Tokyo Gas Raising Stake in Haynesville-Focused Castleton Resources

By Jamison Cocklin   July 29, 2020

Tokyo Gas Co. Ltd. said Wednesday it is increasing its stake in Haynesville Shale producer Castleton Resources LLC to expand its portfolio in North America. 

Through a subsidiary, Tokyo Gas agreed to boost its ownership interest to 70% from 46% for an undisclosed amount. Castleton, a natural gas-focused operator with assets in East Texas that also targets the Cotton Valley formation, would then change its name to TG Natural Resources LLC. The deal is expected to close in August.

Tokyo Gas also said it plans to acquire additional oil and gas properties in Louisiana. The additional transaction is expected to increase Castleton production from 296 MMcfe/d to 473 MMcfe/d. 

Tokyo Gas has global operations across the natural gas value chain, including production, liquefied natural gas (LNG) procurement, shipping and downstream operations. It’s been working to build out its footprint in North America under a broader strategy aimed at boosting overseas profits. 

The company is Japan’s largest provider of city gas, serving more than 11 million customers in Tokyo and the surrounding region.

It owns 130,000 net acres in the Barnett Shale of North Texas and another 34,000 net acres in the Eagle Ford Shale of South Texas. The company also has power generation assets in North America, along with tolling capacity at the Cove Point LNG export terminal in Maryland. It has an agreement in place for capacity at the Energia Costa Azul LNG export project that is under development in Baja California.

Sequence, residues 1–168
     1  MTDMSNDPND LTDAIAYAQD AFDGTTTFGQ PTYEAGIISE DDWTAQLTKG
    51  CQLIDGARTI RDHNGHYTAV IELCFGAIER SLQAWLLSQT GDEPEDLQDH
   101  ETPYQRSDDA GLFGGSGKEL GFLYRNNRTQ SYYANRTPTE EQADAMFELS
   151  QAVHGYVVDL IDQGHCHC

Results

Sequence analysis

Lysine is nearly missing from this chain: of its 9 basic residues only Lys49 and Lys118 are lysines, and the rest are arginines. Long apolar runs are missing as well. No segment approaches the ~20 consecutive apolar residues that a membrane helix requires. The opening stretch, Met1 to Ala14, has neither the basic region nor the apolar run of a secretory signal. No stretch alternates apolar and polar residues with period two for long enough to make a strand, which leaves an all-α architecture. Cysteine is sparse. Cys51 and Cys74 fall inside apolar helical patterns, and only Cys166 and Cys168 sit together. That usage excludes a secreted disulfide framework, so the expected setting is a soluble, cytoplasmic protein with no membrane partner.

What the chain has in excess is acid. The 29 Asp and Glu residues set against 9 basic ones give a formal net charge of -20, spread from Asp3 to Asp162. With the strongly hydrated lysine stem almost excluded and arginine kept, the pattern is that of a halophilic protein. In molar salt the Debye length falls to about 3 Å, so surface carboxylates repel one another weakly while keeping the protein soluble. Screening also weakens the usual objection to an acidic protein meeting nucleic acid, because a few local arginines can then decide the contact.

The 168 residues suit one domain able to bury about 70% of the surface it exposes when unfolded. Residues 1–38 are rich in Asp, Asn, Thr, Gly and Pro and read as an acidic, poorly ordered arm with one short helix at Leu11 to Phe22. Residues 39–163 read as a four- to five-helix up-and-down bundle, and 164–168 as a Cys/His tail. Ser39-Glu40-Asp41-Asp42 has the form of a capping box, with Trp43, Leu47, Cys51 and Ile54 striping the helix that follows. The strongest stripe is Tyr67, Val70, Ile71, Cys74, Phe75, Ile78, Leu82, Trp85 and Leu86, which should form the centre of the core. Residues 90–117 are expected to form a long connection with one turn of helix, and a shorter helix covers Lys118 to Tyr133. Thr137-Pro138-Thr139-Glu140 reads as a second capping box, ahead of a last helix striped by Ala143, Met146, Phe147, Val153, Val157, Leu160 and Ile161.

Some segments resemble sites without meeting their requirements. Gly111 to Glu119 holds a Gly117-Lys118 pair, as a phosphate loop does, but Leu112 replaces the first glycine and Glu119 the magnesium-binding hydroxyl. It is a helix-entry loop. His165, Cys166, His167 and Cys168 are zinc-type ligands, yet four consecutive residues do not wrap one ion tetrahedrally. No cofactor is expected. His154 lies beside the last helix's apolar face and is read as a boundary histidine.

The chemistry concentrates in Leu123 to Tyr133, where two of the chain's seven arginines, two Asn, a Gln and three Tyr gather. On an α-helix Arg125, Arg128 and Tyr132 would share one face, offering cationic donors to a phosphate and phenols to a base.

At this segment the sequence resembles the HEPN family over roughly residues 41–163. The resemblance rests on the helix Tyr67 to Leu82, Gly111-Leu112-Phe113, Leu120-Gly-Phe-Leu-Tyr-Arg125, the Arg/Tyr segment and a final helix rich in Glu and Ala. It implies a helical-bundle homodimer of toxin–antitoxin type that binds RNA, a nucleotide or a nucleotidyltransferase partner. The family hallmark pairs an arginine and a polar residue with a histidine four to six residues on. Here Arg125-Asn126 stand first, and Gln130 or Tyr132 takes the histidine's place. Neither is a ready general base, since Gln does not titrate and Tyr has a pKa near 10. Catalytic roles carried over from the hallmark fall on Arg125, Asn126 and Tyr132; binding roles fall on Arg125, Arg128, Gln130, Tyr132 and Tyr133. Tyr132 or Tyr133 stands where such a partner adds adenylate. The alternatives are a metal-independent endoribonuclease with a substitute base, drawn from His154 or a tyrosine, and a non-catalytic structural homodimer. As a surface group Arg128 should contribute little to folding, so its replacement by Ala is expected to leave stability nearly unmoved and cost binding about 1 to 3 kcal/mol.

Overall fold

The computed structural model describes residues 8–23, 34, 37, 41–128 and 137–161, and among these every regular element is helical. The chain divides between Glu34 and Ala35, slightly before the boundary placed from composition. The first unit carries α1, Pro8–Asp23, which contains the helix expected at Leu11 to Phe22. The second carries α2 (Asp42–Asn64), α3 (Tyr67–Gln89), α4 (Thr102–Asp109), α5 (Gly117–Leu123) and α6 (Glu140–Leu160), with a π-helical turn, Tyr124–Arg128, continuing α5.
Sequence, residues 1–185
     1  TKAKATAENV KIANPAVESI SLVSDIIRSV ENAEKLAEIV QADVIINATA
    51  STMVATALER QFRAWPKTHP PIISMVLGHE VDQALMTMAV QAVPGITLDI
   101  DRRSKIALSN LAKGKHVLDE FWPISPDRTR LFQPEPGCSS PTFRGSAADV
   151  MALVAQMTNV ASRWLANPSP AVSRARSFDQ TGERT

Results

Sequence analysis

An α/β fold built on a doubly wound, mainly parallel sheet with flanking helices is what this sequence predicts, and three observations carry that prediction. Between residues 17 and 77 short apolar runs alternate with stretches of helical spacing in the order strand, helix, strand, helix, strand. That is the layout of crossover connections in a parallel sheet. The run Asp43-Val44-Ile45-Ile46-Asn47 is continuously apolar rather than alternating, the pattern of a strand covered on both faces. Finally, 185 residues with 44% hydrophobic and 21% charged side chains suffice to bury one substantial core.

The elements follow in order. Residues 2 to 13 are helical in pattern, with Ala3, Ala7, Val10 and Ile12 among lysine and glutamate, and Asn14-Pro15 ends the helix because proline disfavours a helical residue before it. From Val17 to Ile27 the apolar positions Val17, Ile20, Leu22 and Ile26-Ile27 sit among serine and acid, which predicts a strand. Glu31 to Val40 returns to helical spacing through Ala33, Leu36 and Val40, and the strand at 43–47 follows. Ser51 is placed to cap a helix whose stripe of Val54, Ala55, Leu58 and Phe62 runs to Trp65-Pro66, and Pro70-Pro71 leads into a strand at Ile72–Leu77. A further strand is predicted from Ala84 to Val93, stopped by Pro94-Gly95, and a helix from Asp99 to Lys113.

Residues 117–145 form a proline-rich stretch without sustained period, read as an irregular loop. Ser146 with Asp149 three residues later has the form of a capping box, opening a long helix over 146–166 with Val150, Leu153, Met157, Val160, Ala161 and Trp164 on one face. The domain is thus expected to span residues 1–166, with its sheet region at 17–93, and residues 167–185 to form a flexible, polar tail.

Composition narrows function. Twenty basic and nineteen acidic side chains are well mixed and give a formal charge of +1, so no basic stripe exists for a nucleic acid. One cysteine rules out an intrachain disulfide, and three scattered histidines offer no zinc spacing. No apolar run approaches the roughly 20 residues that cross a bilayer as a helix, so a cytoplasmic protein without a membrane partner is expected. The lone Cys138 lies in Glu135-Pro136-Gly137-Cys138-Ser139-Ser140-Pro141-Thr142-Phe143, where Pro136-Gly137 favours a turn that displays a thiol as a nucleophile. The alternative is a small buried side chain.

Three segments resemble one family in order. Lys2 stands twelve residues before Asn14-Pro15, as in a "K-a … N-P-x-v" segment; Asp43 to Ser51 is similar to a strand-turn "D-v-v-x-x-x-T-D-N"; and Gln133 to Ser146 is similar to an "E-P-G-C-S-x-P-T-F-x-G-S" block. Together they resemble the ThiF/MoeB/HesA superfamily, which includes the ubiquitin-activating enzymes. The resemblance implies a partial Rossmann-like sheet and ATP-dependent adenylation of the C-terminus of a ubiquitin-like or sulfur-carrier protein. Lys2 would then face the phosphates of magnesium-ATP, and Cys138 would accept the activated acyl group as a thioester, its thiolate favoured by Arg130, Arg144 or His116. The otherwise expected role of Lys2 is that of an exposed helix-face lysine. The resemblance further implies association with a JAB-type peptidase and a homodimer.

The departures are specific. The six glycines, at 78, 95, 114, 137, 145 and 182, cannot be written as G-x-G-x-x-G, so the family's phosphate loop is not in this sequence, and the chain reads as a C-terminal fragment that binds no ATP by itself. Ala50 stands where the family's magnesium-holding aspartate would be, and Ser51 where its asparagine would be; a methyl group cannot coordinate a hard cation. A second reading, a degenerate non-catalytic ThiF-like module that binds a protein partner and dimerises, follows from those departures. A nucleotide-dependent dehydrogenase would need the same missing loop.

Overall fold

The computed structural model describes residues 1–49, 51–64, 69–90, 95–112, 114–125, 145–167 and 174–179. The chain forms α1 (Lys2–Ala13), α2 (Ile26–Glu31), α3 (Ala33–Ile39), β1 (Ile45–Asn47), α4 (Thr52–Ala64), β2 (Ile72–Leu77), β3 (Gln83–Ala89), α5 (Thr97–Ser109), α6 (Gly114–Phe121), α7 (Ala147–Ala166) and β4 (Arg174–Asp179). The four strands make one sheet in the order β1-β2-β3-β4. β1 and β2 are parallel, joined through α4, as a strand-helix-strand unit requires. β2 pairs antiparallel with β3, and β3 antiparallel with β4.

Japan is the world’s largest LNG importer, taking in 76.9 million tons in 2019, according to the International Group of LNG Importers.

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Thanks, Skip... very interesting development.  Sabine (formerly domestically owned)  is also another Japanese owned company operating in The Haynesville... targeting the Cotton Valley in East Texas.  Looks like Japan is anxious for Haynesville and Cotton Valley resources.

You're welcome, JHH.  I think that Japan is more interested in guaranteed long term access to natural gas/LNG supply than any expectation of making a substantial profit by operating wells.  For that to change we would have to get out of this prolonged depressed commodity cycle.  Some pundits think that may occur mid to late 2021.  Of course where once the industry needed $3-$4 gas to make an acceptable profit, now many Haynesville operators state they could make a very nice profit at any sustained price of $2.65 to $2.75.  I'd say that is a more realistic expectation than sustained prices above $3 for 2021.


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